Aim: To study the possibility of using intraocular pressure (IOP) in the first postoperative day after sclerectomy as a prognostic indicator.
Methods: Non-randomised prospective trial involving 105 eyes of 105 patients with medically uncontrolled primary and secondary open angle glaucoma. Visual acuity, IOP, and slit lamp examinations were performed before and after surgery at 1 and 7 days, and 1, 3, 6, 9, 12, 18, 24, 30, 36, 48, 54, 60, and 66 months. Visual field examinations were repeated every 6 months. A split point on day 1 IOP of less than or equal to 5 mm Hg (61%) versus more than 5 mm Hg (39%) was used. The first postoperative day IOP was examined in relation to the need for subsequent Nd:YAG goniopuncture, the subsequent use of postoperative antiglaucoma medications, and as a stratification variable in the Kaplan-Meier analyses.
Results: The mean follow up was 43.2 (SD 14.3) months. The mean preoperative IOP was 26.8 (SD 7.7) mm Hg; the mean postoperative IOP was 5.1 (3.3) mm Hg at day 1 and 11.8 (3.1) mm Hg at month 60. Patients with IOP ⩽5 mm Hg had significantly fewer Nd:YAG goniopunctures (p = 0.0478). A significant (log rank test 0.0122) improvement for those with IOP ⩽5 mm Hg in terms of survival was detected using the most stringent criterion (IOP ⩽15 mm Hg with no medications). For patients with first postoperative day IOP ⩽5 mm Hg, the median time to failure was 24 months (95% CI: 12 to 30), but for those with an IOP >5 mm Hg, the median time to failure was only 6 months (CI 2 to 9). No significant difference in postoperative antiglaucoma medications was observed.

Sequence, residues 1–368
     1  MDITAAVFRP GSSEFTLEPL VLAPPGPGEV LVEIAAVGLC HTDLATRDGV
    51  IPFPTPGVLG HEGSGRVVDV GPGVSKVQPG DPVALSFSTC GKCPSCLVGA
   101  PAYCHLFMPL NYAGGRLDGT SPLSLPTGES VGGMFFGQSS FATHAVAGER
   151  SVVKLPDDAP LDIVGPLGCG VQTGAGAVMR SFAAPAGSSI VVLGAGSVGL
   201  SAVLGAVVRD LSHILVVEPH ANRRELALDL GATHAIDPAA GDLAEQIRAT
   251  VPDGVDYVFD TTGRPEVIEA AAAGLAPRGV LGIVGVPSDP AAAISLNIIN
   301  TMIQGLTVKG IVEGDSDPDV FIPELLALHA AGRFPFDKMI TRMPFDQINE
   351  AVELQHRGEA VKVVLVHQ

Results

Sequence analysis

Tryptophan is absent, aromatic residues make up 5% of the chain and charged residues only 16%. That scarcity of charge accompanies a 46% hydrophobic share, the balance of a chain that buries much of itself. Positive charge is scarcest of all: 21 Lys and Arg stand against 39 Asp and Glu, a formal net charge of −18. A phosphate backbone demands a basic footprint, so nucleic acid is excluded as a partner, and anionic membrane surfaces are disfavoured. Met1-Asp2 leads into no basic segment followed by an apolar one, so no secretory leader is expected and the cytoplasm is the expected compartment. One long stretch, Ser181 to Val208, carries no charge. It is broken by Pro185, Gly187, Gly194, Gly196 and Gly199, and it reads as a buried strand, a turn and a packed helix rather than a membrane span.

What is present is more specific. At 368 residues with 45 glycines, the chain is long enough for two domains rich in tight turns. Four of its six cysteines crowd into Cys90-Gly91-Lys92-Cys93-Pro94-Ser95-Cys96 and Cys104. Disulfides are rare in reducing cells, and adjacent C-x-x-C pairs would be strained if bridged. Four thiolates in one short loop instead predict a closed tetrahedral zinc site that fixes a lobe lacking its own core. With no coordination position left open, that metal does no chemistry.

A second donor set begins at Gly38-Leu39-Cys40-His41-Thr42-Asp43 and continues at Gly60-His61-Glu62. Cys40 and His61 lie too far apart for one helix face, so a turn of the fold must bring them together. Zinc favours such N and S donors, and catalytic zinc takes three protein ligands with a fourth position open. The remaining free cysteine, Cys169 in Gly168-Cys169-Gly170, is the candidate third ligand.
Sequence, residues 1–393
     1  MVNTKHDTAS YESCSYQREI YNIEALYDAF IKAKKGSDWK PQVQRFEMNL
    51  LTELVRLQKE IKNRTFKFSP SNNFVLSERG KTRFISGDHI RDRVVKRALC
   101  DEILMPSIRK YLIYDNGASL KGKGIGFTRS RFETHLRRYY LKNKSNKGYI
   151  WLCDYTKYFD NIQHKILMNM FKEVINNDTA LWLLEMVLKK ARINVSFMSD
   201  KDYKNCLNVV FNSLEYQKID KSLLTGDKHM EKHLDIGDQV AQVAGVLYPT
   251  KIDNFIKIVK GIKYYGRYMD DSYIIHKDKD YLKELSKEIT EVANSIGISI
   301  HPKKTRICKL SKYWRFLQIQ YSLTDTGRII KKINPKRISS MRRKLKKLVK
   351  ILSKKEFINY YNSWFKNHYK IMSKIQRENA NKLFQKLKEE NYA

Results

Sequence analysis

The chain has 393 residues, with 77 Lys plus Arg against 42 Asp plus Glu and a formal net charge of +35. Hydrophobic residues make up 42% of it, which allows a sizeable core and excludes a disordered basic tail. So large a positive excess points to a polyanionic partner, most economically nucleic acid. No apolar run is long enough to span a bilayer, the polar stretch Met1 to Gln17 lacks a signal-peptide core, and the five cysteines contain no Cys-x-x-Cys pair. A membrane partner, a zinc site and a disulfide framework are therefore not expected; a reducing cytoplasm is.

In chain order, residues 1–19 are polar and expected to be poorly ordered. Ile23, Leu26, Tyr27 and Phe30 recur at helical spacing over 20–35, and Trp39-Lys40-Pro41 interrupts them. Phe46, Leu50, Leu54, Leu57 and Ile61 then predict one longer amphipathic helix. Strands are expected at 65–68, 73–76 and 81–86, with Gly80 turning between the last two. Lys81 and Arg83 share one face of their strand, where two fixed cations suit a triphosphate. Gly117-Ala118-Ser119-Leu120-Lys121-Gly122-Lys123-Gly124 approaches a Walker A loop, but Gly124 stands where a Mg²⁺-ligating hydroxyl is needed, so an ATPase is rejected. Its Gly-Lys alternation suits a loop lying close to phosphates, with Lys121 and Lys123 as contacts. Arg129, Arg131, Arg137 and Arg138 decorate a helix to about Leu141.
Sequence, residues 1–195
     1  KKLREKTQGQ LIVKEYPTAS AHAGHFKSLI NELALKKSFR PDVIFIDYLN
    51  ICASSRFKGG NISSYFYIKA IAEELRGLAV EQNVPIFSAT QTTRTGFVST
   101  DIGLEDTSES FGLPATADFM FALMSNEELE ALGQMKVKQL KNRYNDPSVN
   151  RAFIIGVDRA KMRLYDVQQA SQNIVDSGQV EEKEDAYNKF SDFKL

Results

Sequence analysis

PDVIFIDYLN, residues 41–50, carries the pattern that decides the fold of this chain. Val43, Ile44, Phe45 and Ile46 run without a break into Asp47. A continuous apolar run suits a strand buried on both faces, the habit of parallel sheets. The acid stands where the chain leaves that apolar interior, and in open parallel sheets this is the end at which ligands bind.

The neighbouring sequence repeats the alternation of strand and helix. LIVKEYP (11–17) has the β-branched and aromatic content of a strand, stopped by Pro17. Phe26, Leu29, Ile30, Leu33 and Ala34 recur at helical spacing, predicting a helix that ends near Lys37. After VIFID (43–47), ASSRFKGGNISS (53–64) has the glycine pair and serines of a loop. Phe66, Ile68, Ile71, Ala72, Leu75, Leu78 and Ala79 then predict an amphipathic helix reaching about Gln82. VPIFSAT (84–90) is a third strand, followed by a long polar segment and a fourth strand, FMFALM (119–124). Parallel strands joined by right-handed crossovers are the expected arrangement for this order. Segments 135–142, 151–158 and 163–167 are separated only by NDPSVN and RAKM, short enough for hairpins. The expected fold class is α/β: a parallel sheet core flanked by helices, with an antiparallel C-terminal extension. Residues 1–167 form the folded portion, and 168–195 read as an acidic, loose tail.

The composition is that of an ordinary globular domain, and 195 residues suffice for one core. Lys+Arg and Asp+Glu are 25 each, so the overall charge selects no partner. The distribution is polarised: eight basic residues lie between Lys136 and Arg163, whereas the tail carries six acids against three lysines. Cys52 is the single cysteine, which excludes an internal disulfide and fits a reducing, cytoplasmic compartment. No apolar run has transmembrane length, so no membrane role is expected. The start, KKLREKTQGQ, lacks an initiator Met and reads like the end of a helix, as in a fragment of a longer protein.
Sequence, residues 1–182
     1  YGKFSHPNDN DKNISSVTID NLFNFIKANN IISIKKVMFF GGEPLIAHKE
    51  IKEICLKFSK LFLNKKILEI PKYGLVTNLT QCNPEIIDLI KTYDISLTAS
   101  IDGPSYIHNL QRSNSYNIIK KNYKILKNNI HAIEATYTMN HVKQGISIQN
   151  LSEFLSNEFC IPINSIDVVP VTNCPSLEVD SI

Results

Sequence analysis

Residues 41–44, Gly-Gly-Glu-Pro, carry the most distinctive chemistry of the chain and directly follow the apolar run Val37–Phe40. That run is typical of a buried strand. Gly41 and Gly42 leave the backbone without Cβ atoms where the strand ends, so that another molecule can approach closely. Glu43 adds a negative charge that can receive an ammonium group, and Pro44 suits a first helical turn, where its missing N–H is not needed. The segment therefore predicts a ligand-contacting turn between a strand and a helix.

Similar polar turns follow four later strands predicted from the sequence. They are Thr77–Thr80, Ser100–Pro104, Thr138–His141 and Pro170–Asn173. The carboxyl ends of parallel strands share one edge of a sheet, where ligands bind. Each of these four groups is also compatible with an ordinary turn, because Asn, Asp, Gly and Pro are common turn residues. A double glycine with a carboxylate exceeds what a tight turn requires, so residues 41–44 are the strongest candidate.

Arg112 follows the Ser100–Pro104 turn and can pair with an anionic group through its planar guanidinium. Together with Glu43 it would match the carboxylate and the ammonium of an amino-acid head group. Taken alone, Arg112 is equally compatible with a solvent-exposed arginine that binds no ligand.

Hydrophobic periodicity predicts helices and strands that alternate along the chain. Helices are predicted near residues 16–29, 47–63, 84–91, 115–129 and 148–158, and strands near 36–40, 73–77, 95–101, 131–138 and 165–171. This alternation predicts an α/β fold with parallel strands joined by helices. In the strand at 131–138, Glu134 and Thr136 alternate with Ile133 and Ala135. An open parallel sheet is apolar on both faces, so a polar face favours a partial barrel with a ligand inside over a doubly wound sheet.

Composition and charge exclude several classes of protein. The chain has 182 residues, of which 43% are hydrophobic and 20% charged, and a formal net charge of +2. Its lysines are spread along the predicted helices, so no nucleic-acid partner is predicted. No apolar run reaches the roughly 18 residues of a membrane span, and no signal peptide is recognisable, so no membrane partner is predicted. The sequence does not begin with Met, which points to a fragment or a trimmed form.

Conclusion: First postoperative day IOP can be considered to be a significant prognostic indicator in deep sclerectomy.
- deep sclerectomy
- glaucoma surgery
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